Eighth Grade

One of the things that Bo Burnham (who wrote and directed Eighth Grade) and Greta Gerwig (who wrote and directed Lady Bird) share in common is an ability to sidestep their inexperience deftly. In Lady Bird, Gerwig loaded ungainly exposition into the mouths of unanticipated characters. In Eighth Grade, Burnham establishes his street cred early on. The grown-ups do the dab and call the reproductive system “lit”; they broaden the generation gap with acts of cultural appropriation. So, within a few minutes, he expels the oldsliterally takes them out of focussave for Kayla’s father, who is teed up for a big reveal. The message to young audiences is clear: despite the calendar, Burnham is no ordinary adult. Neither was Mr. Rogers.

I like Burnham and I like Eighth Grade; he has, and it shows, a great deal of talent, judgment, and sympathy. But however much the film (like Lady Bird) succeeds on its own terms, I do not find those terms very compelling. Both of these chronicles of adolescent life were made by young filmmakers (Burnham was born in 1990, Gerwig in 1983) who became well-known early in life; both of their movies are kind. If one had to sum them up in a single image, it would be the gimlet-eyed emoji. But their protagonists don’t exist to change, even if they grow up; they exist to be affirmed for who they are. (In the same vein, Kayla’s fatherJosh Hamiltonexists to affirm; outside of his daughter, he has no life, the implication being that this is how Kayla sees him.) This mechanism blandishes older viewers as well: it’s like a “yassss queen” projected backward to our darling, fledgling selves.

That being said, I think that knowing when to play to one’s strengths is undervalued, just as a gift for immersive empathy is rare in a comedian. Burnham’s rapport with Elsie Fisher, as Kayla, is truly specialeven if one takes John Hughes and Molly Ringwald as a benchmark. Compared to The Breakfast Club, Eighth Grade is loosely structured; it seems linked to Kayla’s nervous system. Where Hughes blamed parents for their children’s woes, Burnham shirks adults altogetherin part, I think, because he doesn’t like to point fingers. Youth exculpates Kayla and (most of) her peers. His goal, as I see it, is to give them a safe space to try on different personas.

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The Favourite

Once the stardom of Emma Stone had gone through beta-testing, and was finally F.D.A.-approved, I thought she was a detoxified Lindsay Lohan, just as I once assumed that Adele was the version of Amy Winehouse who did go to rehab. Stone struck me as a throwback to a time when men in suits schemed out pretty starlets’ careers; she did not act in movies, she starred in vehicles—like Crazy, Stupid, Love or The Help. In La La Land, which was no mere vehicle—it was a full-on showboat—Stone was perfectly matched with Ryan Gosling, another constructed star. Given that the night sky has gotten clogged with self-managed talents, competing for our attention on ever-smaller screens, their twinkle was reassuring, if also uncanny.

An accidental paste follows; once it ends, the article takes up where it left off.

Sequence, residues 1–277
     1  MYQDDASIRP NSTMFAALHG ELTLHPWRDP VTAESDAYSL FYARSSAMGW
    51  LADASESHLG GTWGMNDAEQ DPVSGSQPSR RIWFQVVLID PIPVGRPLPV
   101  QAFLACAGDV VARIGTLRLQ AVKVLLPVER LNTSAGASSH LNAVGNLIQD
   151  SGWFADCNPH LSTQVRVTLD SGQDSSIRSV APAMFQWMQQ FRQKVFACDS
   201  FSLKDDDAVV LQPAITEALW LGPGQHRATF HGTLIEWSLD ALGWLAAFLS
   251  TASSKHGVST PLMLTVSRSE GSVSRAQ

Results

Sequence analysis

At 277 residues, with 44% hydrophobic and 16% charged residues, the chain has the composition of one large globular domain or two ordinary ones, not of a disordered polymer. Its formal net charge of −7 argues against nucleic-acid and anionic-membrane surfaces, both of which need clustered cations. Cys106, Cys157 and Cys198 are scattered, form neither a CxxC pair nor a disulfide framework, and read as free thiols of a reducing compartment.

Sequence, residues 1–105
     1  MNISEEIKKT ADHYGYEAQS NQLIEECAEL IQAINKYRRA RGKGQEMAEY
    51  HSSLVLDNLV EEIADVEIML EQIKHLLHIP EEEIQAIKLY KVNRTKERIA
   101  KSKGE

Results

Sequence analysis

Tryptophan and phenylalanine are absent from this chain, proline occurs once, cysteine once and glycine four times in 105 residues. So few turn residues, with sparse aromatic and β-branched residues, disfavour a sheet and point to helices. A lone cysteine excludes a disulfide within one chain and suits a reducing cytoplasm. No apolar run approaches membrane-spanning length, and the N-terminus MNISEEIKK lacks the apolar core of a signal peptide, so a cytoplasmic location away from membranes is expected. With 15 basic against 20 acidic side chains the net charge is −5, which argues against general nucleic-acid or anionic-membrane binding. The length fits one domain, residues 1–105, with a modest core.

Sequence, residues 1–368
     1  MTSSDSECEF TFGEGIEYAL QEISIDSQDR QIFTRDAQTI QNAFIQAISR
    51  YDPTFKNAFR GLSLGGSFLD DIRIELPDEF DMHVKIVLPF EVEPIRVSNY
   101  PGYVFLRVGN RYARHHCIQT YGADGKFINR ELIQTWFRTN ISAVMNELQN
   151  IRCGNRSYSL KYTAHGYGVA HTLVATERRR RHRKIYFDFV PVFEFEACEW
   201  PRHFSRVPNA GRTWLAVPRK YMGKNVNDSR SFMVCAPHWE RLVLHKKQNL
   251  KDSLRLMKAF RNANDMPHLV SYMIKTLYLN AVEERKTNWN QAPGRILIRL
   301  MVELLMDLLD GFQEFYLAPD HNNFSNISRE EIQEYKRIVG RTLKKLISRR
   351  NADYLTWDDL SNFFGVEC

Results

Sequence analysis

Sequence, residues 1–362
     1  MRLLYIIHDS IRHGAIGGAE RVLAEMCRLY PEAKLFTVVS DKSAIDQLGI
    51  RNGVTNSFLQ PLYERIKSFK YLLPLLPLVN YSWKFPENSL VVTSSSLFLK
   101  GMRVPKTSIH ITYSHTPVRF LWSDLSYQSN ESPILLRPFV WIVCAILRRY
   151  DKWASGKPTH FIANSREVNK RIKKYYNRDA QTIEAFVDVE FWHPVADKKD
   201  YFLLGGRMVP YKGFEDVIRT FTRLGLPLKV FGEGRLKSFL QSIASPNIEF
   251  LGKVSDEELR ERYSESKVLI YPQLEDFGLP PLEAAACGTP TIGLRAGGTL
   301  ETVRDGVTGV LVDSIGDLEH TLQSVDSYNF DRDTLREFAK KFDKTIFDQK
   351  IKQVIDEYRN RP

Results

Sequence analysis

Transported to the early 18th century in The Favourite, Stone is perhaps the weakest leg of a love triangle comprising herself, Rachel Weisz, and Olivia Colman—but she is also the only leg bereft of romantic feeling, which the other two, in their differing prodigious ways, are so good at showing. That said, she registers dissolute ruination very convincingly, considering that her Iago starts out as a sexy milkmaid pitted against Weisz’s huntress. Her bright-eyed Americanness is just right for the part; Stone deftly lets on that this servant’s pluck is the very thing that puts her at risk of corruption.

The director, Yorgos Lanthimos, is sometimes overconfident in his visual scheme and underconfident in his storytelling. The former, or at least his penchant for the funhouse distortion of fish-eye lenses, can be explained away by the technical constraints of shooting antique manors in natural light. But many of his low-angle shots, including some of Nicholas Hoult, who is already playing up to his powdered wig and the prissy makeup for which Trump’s tan is a 21st-century equivalent, are grossly emphatic; and when courtiers bust out hip-hop moves dancing to harpsichord music, we are halfway to The Little Hours but tonally out of step. Likewise, the use of crosscutting is distracting at best and confusing at worst; it eats away at any real tension or irony during a promising sequence at a bordello.

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The Death of Stalin

In The Death of Stalin, laughs are wrapped with barbed wire: one stumbles through the Orwellian schadenfreude, half-awake to the present goings-on at the White House. Trump’s rat maze continues to attract new vermin; his cheese does not seem worth all the hazards of grabbing it—but greed tells its hostages otherwise. I saw this film months ago, but the comic potential of bad people in worse situations is always ripe for an exploiter as ruthless as his or her subjects. Enter Armando Iannucci—political farceur.